Date: June 11, 1880
Creator: Brashear, H.
Partner: UNT Libraries Special Collections

[Bacon and Shakespere: Proof that William Shakespere Could Not Write.]

Description: Excerpt discussing the handwriting of William Shakespeare including examples of his signature. According to a note at the end of the pamphlet: "The foregoing pages are copied by permission from a very interesting pamphlet published by W. H. Burr, of Washington, D.C., under the title 'Shakespeare Could Not Write.'" Document published by Wm. Henry Burr which discusses Shakespeare's signatures.
Date: January 22, 1886
Creator: Burr, William Henry
Partner: UNT Libraries Special Collections

[Letter from J. B. Caldwell, August 1, 1881]

Description: Letter from J.B. Caldwell of U.S. Treasury Department to Hamilton K. Redway stating that his item, as late of Co. "K," N.Y. volunteer cavalry will be disposed of as early as practicable. If a balance is certified it will be subject to appropriation by Congress.
Date: August 1, 1888
Creator: Caldwell, J. B.
Partner: UNT Libraries Special Collections

[Receipts of Levi Perryman, November 16, 1880]

Description: Received of Levi Perryman the following court papers, execution issued from County Court of Grayson County in Case No. 881, with the cost of $250.38. Execution issued out of the County Court of Grayson County in Case No. 885, with the cost of $410.69. Execution issued out of the District Court of Lampasas County in Case No. 380, with the cost of $928.25. Execution issued out of the District Court of Cook County in case No. 1038, with the cost of $1029.65. Also a Bill of Cost issued out of the County Court of Grayson County in Case No. 53, with cost of $51.25.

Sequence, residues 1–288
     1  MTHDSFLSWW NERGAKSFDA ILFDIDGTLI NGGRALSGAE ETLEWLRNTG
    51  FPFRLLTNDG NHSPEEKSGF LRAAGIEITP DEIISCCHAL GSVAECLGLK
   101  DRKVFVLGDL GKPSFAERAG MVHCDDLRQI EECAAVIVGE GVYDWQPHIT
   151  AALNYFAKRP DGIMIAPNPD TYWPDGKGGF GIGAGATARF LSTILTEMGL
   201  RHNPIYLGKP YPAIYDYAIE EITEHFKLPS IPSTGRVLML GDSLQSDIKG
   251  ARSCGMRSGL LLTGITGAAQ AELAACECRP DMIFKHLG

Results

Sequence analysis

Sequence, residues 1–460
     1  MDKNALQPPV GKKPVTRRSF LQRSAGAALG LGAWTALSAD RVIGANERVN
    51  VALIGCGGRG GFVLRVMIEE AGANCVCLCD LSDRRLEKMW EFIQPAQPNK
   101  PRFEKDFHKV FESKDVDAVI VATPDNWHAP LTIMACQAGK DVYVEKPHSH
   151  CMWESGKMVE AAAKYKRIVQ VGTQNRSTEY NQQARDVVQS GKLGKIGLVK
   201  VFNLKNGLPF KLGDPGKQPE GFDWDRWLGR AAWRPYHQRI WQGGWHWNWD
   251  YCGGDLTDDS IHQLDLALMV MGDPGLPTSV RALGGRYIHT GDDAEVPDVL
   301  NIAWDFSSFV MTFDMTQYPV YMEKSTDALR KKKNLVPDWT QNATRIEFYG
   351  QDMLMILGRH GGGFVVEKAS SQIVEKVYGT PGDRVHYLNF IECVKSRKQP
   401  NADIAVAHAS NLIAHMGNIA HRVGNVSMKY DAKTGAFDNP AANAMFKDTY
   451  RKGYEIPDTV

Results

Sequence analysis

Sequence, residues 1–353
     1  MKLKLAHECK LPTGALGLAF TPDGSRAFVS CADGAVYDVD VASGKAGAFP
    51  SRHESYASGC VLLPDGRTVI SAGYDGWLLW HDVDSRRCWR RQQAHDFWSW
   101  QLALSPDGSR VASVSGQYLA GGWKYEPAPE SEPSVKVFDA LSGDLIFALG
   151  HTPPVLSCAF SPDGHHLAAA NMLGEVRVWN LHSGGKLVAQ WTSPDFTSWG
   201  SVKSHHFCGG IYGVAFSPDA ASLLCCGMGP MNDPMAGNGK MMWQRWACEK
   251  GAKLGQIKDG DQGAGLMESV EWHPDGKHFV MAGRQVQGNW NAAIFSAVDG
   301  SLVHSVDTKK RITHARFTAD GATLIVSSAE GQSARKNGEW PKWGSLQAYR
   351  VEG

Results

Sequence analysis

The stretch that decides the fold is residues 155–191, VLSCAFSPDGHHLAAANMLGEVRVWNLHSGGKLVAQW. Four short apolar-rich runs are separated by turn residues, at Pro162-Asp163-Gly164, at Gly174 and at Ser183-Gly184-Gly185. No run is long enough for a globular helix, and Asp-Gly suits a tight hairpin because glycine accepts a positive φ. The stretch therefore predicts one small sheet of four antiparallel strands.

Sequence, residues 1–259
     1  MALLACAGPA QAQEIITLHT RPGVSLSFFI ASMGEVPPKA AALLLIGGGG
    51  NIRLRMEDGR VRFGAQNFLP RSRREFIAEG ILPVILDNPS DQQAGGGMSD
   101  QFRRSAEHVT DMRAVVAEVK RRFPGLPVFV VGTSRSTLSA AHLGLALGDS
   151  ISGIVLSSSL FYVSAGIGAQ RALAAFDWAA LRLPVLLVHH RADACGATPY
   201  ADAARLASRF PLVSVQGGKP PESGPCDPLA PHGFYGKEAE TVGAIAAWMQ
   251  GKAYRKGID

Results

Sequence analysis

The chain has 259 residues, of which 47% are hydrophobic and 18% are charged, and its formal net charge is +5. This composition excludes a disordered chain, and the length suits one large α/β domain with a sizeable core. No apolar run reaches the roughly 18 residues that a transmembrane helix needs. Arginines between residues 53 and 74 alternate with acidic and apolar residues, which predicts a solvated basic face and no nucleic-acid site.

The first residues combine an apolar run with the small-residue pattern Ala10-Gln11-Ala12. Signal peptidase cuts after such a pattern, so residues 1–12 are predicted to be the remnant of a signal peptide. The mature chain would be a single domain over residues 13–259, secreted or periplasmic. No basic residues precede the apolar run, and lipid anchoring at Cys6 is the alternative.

Date: November 16, 1880
Creator: Campbell, G. W.
Partner: UNT Libraries Special Collections

[Letter from W. C. Campbell to William Dodd, December 10, 1883]

Description: There was a problem between William and his brother George. W.C. would like to settle this and asks that William write back as soon as possible. He hopes that William's family is well. He mentions that John Love's wive is very sick. He asks again to respond immediately. In the P.S. he tells that Mary Love is dead.
Date: December 10, 1883
Creator: Campbell, W. C
Partner: UNT Libraries Special Collections

[Chautauqua University: The Chautauqua Literary and Scientific Circle, 1885-1886]

Description: The pamphlet discusses the Chautauqua Literary and Scientific Circle, an organization promoting the habits of reading; study in nature, art, and science; and scholarship in secular and scared literature. This organization was a "home college," offering four year programs, local circles for discussion, and summer meetings. Information on this organization, fees, and course descriptions are presented in this pamphlet.
Date: 1885/1886
Creator: Chautauqua University
Partner: UNT Libraries Special Collections

[Postcard from R. Cook to W. A. Morris, June 3, 1880]

Description: Postcard from R. Cook of St. Jo, Texas to W.A. "Bud" Morris of Montague concerning payment in the Frieze case for $5.00 each for him and Hyden, plus $2.50 for a total of $12.50. The postcard mentions that it can be paid by Morris or Levi Perryman to keep someone from staying in jail.
Date: June 3, 1880
Creator: Cook, R.
Partner: UNT Libraries Special Collections